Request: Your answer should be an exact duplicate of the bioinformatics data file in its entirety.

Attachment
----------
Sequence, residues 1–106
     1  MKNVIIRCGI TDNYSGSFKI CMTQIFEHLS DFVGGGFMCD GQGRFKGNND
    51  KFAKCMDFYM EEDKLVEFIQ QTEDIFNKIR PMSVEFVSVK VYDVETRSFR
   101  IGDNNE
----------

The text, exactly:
Sequence, residues 1–106
     1  MKNVIIRCGI TDNYSGSFKI CMTQIFEHLS DFVGGGFMCD GQGRFKGNND
    51  KFAKCMDFYM EEDKLVEFIQ QTEDIFNKIR PMSVEFVSVK VYDVETRSFR
   101  IGDNNE